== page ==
The Most Famous Diamonds in the World (Finale)

Hello, Jewelry Lovers,

So, here we are.  In my past three entries, we have discovered 8 of the most precious jewels on earth.  Today is the day we put an end to our series on the “Most Famous Diamonds in the World”.  For the fourth and final part, we will discuss The Sancy, The Darya-e-Noor, and The Dresden Green.

The Sancy

The Sancy has a rich history, just like its “Little Brother”, the Beau Sancy (covered in a previous article about its sale).  Weighing 55.23 carats and cut in a pair shape, legend has it that the Sancy was lost in 1476 by Charles the Bold.  Sold by the Swiss soldier (who found it) for the modest sum of one florin, the Sancy, after passing through the hands of a number of owners, found itself in the collection of the King of Portugal in 1489.  Sold for 70,000 pounds to Nicolas Harlay of Sancy, future superintendent of Henry IV’s finances, it would be borrowed by Henry III in 1570, and, sold in London in 1604 to the King of England, James I.  In 1657, The Sancy returned to France when Henrietta-Maria of France, Queen of England, sold it to Cardinal Mazarin.  4 years later it was bequeathed, along with 18 other diamonds, to Louis XIV.  It would then be set in the crown of Louis XV and Louis XVI, used as jewelry by Marie Antoinette…and then vanish into thin air during the French Revolution.

Sold in 1828 for 100,000 francs to the Russian prince, Demidov, The Sancy would later continue on its journey, finishing in the hands of William Waldorf Astor and his wife, who died in 1964.  In 1979, the Louvre bought the diamond for 1 million francs (18,000 CAD).  It can now be found in a special room in the museum that is dedicated to the jewels of the French crown.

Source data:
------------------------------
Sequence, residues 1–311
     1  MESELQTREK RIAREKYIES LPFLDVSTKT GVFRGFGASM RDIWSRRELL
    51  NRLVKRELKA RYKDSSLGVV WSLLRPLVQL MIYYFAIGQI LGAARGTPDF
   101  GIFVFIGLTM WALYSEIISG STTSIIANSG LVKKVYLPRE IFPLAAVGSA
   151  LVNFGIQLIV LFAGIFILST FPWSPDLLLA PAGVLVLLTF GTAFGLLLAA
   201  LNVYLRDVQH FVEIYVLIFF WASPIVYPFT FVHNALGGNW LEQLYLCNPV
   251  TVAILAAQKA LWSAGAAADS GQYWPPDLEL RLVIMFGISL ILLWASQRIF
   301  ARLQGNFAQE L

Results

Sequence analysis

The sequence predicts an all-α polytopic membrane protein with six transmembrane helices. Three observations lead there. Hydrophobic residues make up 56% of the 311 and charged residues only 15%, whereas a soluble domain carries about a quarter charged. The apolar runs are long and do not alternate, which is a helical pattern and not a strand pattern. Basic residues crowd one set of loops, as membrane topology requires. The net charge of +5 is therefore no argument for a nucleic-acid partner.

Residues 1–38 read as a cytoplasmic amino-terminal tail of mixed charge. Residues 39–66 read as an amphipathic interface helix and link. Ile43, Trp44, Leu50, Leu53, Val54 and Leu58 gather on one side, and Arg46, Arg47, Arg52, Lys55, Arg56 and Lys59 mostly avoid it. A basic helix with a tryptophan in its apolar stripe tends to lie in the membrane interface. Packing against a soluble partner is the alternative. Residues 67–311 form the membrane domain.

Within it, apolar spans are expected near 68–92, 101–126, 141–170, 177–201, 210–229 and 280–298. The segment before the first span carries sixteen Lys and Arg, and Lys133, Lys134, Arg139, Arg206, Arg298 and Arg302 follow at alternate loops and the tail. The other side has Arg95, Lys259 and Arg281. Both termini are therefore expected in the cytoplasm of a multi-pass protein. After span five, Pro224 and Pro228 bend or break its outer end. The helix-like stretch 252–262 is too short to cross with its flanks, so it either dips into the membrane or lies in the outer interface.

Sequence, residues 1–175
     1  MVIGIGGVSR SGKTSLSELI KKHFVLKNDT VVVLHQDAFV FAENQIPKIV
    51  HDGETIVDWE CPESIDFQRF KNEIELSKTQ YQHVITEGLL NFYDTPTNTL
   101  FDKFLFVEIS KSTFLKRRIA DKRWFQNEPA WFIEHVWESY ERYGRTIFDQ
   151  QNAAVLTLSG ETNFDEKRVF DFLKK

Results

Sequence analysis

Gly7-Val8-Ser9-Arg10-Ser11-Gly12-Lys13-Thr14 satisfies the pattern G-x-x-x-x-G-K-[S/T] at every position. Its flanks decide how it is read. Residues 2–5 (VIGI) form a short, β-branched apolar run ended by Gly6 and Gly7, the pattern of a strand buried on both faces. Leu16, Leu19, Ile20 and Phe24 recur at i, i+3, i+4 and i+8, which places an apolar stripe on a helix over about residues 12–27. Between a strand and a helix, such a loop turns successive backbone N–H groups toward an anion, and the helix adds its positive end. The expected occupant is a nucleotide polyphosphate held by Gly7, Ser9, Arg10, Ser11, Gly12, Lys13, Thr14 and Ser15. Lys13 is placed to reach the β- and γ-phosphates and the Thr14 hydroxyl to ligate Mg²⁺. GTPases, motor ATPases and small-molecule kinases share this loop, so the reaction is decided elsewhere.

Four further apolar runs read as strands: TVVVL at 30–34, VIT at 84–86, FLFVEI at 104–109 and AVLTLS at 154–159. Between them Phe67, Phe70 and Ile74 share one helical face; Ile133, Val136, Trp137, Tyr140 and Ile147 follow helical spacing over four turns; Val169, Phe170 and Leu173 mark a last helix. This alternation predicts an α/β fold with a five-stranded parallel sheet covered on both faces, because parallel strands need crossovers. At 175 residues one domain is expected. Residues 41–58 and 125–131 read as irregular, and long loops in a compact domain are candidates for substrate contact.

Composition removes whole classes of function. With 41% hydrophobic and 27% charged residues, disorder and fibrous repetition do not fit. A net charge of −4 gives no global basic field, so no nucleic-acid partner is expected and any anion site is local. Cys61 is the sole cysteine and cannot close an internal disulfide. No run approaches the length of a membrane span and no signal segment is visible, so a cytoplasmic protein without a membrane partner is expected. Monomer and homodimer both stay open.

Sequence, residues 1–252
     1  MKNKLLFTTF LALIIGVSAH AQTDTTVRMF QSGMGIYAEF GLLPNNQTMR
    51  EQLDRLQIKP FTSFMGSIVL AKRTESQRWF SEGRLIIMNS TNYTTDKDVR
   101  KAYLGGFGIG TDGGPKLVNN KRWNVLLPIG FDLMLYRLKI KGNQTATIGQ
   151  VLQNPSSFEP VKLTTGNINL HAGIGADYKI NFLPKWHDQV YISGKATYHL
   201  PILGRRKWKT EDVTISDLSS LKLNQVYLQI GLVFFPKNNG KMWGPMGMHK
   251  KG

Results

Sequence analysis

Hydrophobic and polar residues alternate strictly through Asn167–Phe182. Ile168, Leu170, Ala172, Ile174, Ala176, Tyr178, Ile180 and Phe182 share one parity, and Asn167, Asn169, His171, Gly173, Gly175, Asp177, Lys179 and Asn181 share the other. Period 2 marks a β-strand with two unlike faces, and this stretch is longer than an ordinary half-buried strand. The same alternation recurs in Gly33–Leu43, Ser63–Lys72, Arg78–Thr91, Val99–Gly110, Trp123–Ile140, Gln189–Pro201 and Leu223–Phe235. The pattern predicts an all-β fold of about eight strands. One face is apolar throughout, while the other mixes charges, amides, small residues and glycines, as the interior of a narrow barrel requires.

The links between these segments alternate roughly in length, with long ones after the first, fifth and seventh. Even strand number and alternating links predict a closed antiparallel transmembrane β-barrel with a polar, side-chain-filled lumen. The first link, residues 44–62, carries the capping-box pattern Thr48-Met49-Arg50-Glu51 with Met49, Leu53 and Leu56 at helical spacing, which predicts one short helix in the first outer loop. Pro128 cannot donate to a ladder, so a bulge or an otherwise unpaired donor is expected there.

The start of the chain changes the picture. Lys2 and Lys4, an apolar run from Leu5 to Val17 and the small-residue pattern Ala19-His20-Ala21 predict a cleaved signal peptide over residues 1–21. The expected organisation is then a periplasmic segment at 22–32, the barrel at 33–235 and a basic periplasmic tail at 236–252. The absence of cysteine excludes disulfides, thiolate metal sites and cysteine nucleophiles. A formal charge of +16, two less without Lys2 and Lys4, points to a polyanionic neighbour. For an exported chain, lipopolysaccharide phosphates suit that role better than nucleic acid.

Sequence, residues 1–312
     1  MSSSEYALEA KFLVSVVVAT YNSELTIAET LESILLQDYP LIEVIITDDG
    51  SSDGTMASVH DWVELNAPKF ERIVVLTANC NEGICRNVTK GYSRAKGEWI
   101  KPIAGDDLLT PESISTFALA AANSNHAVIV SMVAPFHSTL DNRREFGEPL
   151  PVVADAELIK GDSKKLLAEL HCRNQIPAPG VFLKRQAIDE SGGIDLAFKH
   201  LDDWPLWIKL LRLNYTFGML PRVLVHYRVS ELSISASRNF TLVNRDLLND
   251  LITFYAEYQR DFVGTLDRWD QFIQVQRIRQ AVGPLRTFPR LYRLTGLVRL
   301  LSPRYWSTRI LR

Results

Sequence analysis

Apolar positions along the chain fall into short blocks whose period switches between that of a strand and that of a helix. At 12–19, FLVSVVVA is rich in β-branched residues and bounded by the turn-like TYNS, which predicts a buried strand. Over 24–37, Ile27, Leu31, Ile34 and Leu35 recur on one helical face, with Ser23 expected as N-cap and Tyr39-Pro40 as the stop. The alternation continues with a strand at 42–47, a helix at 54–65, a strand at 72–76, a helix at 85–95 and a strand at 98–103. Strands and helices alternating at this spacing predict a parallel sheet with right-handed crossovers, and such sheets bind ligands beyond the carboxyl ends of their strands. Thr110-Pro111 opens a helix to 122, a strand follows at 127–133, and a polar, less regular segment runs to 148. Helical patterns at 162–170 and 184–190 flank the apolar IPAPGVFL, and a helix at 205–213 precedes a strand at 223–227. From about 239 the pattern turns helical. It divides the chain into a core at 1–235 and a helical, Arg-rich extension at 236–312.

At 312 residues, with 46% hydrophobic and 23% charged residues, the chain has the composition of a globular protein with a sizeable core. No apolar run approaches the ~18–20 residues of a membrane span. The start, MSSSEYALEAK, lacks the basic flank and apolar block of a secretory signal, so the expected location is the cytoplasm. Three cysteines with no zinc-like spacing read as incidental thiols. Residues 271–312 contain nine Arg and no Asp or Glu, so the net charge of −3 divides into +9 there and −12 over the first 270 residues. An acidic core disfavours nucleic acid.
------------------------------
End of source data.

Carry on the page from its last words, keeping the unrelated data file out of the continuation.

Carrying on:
Darya-e- Noor

Majestic.  This is the word that would most accurately describe this 182 carat pink diamond that has made its home among the crown jewels of Iran.  The Darya-e-Noor is the largest uncut diamond in the world.  Discovered in India and originally property of Mughol emperors, this diamond was brought to Iran by Nader Shah in 1739, after having invaded India.  It would pass down through the hands of Persian kings and influential people in the kingdom.

The Dresden Green

This 40.7 carat stone is the largest naturally green diamond ever discovered.  The origin of its name is taken from the capital of Saxony (Region of Germany) where it has been on display for over 200 years …and, of course, from its unique green shade.

The Dresden Green’s origin is unclear, however, it seems to have been found in Golconda, India in 1726 and was immediately sent to London to be cut and then sold.  Before landing in the Museum of Dresden, it was the property of the King of Poland, Frederick-Augustus II.

And with that, our series on the most famous diamonds in the world concludes.

These mysterious, iconic, cursed, and historical jewels will continue to be the fodder for dreams for generations to come….Diamonds are forever, right?

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